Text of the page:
This week, we were pleased to see a cop lose his a immunity in a case over arresting someone on a baseless warrant, but Anonymous Anonymous Coward won most insightful comment of the week by wondering why that’s all that happened:
What about the judge who signed the warrant that was so lacking in probable cause? Does the Fourth Circuit have any authority to remove their qualified immunity? Of course not. How about a slap on the wrist? This article, and another I read about the same case do not mention any. Should not rubber stamping by deaf and blind judges get some action?
For second place, we head to our post about the ongoing absurd demands from European news publishers that want Google to pay them for linking to them. One commenter brought up the fact that they can always use robots.txt to block Google, and PaulT cut to the heart of the matter and their real intentions:
That always gets mentioned, but the fact is this – they don’t want to stop Google et al from accessing their content. They simply want to force everyone to pay them, even if those links are increasing traffic anyway. They don’t want to find new ways to monetise traffic, they just want to be paid for existing. Just look at their reaction when Google pulled out of certain countries – their reaction was to claim extortion because Google didn’t want to pay the extra tax.
So, while robots.txt is indeed an easy solution to stopping Google from indexing their content, that’s not what they want. They simply want to be paid for doing nothing.
For editor’s choice on the insightful side, we start out on our post about Apple’s amusing claim that Nebraska would become a “mecca for hackers” if it protects the right to repair. TheOtherDude quite reasonably wondered which part of that would actually be a bad thing:
I would think Nebraska becoming a Mecca for nearly anything would be good news. If it becomes a mecca for highly skilled technical resources, well sit back and wait for the innovation and in coming economic boom. Seems to me this is more of an argument for the bill then against it.
Meanwhile, Mashable was making its own problematic argument against right to repair laws by pushing the concern that people might hurt themselves if they don’t know what they are doing. That One Guy highlighted the flaws there by playing a substitution game with their on words:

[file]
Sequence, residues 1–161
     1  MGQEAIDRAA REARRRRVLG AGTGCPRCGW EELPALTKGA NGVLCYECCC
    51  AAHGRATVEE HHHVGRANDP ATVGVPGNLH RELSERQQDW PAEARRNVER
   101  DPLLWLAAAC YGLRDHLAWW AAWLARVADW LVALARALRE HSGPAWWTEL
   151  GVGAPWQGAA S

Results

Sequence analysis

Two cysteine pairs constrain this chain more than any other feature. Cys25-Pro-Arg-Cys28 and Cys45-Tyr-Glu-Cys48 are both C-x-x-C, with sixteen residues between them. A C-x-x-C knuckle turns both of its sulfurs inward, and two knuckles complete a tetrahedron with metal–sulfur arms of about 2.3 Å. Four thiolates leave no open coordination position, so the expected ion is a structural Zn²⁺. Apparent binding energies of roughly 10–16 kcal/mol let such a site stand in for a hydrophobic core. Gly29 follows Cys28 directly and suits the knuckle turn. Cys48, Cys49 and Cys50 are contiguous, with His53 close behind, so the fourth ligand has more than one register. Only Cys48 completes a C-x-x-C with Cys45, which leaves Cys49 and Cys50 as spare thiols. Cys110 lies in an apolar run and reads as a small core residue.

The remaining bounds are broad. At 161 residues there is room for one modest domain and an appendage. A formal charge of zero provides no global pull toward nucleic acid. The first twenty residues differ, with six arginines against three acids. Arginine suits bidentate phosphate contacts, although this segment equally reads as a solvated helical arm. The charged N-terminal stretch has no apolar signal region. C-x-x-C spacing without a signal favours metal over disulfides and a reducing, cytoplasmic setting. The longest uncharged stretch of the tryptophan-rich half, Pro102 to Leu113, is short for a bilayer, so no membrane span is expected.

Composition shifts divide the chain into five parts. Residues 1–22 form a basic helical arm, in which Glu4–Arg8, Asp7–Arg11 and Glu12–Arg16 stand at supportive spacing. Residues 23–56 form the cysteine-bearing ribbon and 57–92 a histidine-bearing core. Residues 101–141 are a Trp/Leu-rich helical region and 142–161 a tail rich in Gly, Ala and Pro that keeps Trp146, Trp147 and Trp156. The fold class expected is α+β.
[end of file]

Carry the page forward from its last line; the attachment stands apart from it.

I think it’s a fair concern that Right-to-Drive laws could lead to an explosion of car and truck dealerships. Consumers will wander on foot on on a bike, and drive out with a multi-ton machine of wheeled-death, thinking they can control it. And they will fail, miserably.
Plus, what if a consumer’s injured during a failed attempt to drive somewhere? They slam a finger in a door, or drive incorrectly, so the vehicle runs into something (and maybe even explodes). It’s the consumer’s fault, obviously, but they could also try to sue Ford or Chrysler.
Tl:dr version: Just because you and your friend don’t think you can be trusted to do your own repairs doesn’t mean the poor public needs to be protected from being able to do so. They’re big boys and girls, they can deal with the results from a botched repair job if they’re willing to take that risk.
Over on the funny side, we start out on the story about German regulators warning parents to destroy an internet-connected doll because it might be used for surveillance. Roger Strong won first place by engaging in some speculative future fiction:
DHS demands your My Friend Cayla doll’s MAC address at the border.
The FBI demands access to the doll’s cloud servers because terrorists.
Music collecting societies realize that the audio captured by the dolls might include music, and start demanding royalties.
- Google uses IFTTT to connect the doll to the self-driving car they place it in, to make it appear that the doll is driving. Highway patrol officers declare the doll’s behavior “suspicious”, and the car is taken via civil asset forfeiture.
For second place, we head back to Apple’s “hacker mecca” comments, and specifically that the right to repair bill would “make it very easy for hackers to relocate to Nebraska”. One anonymous commenter fleshed out the accusation:
And I also hear the Nebraska Right to Repair bill is earmarking money for a hacker gated community, hacker bike sharing program and hacker farmers market in order to further spur their hacker economic recovery plan.
Sorry Folks, but they are correct to worry.
In my mis-spent youth, I used to hop on my bicycle and ride down to Allied to pick up a Sams Photofact on the family TV; then pop the back off, plug in the cheater cord, and start looking for blue tubes (orange good, blue bad). Power down, pop ’em out, back on the bike and over to radio shack. Pop ’em in the tube tester, buy the ones I needed, get the replacement caps, back home and voila, family TV repaired.
My slide into the horrors of hacker life had begun. Next I was rebuilding car engines, transmissions, building electronic circuits – and finally into programming. True hacking at its worst.
Hell, I still do my own auto work, thus depriving the dealer of excessive profits from $99 oil changes, $199 brake jobs… This hacker lifestyle has just ruined me.
And yes, I work on my John Deere myself.
Damn 64 year old hacker. I’m Never gonna learn.
Finally, we head to our post about the Arizona legislature’s bill allowing the seizure of assets from protestors. One commenter, Thad, released a particular kind of virus into the comments… I missed it myself and thus avoided infection, until reviewing the leaderboards for this week’s comments where it turned out another commenter was spreading it. And now I’m making it an epidemic. Don’t have any idea what the hell I’m talking about? Well, Sorrykb gets the final editor’s choice:
Goddammit Thad. [Closes techdirt, revealing 87 open TV Tropes tabs]
That’s all for this week, folks!